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Bryan Moyer Suderman: Creating within structure

“Can young children be reverent? Can older people be silly?” Bryan Moyer Suderman posed these questions at Camp Kintail’s Speaker Series on May 5, 2015. His musical style combines both, even in the same song. Making space for both reverence and silliness reflects his view of God’s action in the world: “There’s a wideness in God’s mercy.”

Since January of 2001, Bryan has been active as a songwriter, musician and worship leader. Among his first audiences was his then-three-year-old son, to whom he sang, “God’s love is for everybody, everyone around the world. Me and you and all God’s children, from across the street to around the world.” He founded SmallTall Music with the mission “to build up the body of Christ by creating and sharing songs of faith for small and tall.” The songs are simple yet profound.

Singing in the present tense
At the Speaker Series event, one of Bryan’s opening songs was “On The Emmaus Road,” based on the account in Luke 24. Attendees and camp staff sang the chorus while a few volunteers acted out the parts of Jesus, Cleopas and the unnamed friend, now named for the volunteer actor, Jessie. Incorporating the names of the people in the room is characteristic of Bryan’s style. Of the biblical narrative, he believes, “this is our story that we continue to be part of.”

We sang together, “We’re walking, walking, walking, walking on the Emmaus road.” As in this song, Bryan intentionally sets most of his songs in the present tense, drawing attention to God’s present action in the world and prompting our active engagement with the stories of the Bible. He pointed to Deuteronomy, in which Moses retells the law before the people enter the promised land. Moses says, “The Lord our God made a covenant with us at Horeb. It was not with our ancestors that the Lord made this covenant, but with us, with all of us who are alive here today” (5:2-3, NIV). This statement is not true in a literal sense – that generation had passed away – but Moses’ statement invites the present generation to take up the covenant with God anew. Bryan suggests that every generation since that time has had the same challenge, to take their part in an ongoing covenant with the living God.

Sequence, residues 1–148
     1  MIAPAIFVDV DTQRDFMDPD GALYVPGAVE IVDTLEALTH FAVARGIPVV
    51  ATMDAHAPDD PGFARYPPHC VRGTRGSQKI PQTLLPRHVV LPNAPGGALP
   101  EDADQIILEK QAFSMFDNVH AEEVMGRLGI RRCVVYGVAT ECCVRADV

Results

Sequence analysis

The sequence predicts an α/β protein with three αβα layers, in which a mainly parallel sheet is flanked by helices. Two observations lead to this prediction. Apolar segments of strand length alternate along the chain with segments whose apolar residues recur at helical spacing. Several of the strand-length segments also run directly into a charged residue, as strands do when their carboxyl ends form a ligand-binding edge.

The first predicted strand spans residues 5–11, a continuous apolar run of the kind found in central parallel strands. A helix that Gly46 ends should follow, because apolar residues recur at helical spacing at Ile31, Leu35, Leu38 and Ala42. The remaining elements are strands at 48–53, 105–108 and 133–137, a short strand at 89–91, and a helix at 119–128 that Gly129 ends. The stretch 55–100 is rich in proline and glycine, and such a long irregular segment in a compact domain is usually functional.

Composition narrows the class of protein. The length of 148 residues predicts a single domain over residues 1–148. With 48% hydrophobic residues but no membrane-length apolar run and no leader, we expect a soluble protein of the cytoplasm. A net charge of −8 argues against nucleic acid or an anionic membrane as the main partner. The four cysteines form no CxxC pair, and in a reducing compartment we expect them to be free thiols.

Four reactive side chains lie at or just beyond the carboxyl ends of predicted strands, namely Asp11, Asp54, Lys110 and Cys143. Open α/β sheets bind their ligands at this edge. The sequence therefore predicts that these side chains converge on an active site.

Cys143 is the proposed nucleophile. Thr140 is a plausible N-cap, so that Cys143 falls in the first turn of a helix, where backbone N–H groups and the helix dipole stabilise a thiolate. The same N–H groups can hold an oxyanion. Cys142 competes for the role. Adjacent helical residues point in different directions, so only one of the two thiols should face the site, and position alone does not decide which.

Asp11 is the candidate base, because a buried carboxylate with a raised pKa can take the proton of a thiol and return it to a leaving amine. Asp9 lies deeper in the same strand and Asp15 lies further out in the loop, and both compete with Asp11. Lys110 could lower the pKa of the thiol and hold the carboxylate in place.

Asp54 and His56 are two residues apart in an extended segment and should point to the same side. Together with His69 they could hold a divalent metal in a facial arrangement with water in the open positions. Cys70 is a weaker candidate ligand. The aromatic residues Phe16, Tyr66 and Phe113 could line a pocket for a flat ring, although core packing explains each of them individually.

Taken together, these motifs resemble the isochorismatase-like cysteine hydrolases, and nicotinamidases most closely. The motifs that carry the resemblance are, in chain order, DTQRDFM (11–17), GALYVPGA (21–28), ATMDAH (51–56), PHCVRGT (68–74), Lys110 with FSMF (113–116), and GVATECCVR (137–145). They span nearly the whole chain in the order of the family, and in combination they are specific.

Improvisation within structure
In his introduction to his songbook My Money Talks, Bryan says his songs are not artefacts to be preserved; he invites individuals and communities who use the resource to make the songs their own. He showed one way to do so when he invited the group of us gathered in MacDonald Lodge to create new verses to his song “When God’s in Charge.”

My table group, working with the rhythm of Bryan’s verses and the text Isaiah 11:6-9, came up with: “When God’s in charge, the weak ones lead the great. All this harmony on earth is cause to celebrate. When God’s in charge, the weak ones lead the great.” Another group, working with Isaiah 25:6-8, wrote, “When God’s in charge, the people will be one. We’ll banquet on the mountain, and out will come the sun. When God’s in charge, the people will be one.” With Bryan leading on guitar, we sang each other’s fresh new verses.

The freedom to create and keep creating has a theological significance to Bryan. The words of scripture, and the structures offered by folk music, make way for creative expression in the belief that, as Bryan sings in a nativity song, “Make Room,” “There’s something here that God wants to do. You can be part of it, too.”  

  • Judith Farris lives in Sarnia, Ontario with her family.

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